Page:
Ogata Kenzan: Esteemed Edo Era ceramicist and artist
Lee Jay Walker
Modern Tokyo Times
Ogata Kenzan (1663-1743) is one of the most esteemed ceramicists to have lived during the Edo Period. Even today, his name is revered throughout Japan.
His elder brother Ogata Korin (1658-1716) was equally esteemed concerning Rinpa (Rimpa) art. Kenzan also produced art. However, it is Kenzan’s pottery that left its mark.
Kenzan and Korin were born into a wealthy merchant family. Thus, their upbringing in Kyoto was full of privilege. Therefore, the rich high culture they witnessed influenced the paths that Kenzan and Korin took – in the realm of art, ceramics, and other essential skills.
The Suntory Museum of Art says, “In the sixteenth and seventeenth centuries, during the Momoyama and early Edo periods, ceramics from many pottery centers were booming in Kyoto, stimulating the launch of pottery production there. In recent years, as the technical genealogy of Kyoyaki, Kyoto ware, has become clear, we have realized that the Kenzan kiln was rooted in the Kyoyaki, tradition that included Oshikoji-yaki and the work of Nonomura Ninsei.”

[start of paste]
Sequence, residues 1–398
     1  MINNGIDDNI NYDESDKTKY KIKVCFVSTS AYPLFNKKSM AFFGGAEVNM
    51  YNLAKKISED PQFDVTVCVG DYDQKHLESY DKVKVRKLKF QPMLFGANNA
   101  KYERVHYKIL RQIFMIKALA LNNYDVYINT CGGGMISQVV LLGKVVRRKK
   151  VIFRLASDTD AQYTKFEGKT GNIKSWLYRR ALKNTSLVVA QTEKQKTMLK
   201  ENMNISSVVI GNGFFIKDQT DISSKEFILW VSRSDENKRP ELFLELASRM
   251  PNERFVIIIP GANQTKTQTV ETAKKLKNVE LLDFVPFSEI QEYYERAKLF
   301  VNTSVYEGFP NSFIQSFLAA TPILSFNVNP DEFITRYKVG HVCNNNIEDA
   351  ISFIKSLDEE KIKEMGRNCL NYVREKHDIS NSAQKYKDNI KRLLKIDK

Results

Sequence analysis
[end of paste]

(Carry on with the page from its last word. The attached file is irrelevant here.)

The esteemed Ninsei (the 1640s to 1690s) – a notable ceramicist – developed the skills of Kenzan. Hence, the refinement and master craftsman of Ninsei from Hyogo blessed Kenzan.
The Nezu Museum says, “Kōrin’s younger brother Kenzan (1663-1743) was a ceramic artist who launched new trends in the world of ceramics. Studying ceramics from Japan, China, and Europe, he left us a diverse body of work that reflects his broad-ranging tastes. It was Kenzan who turned potters into artists.”
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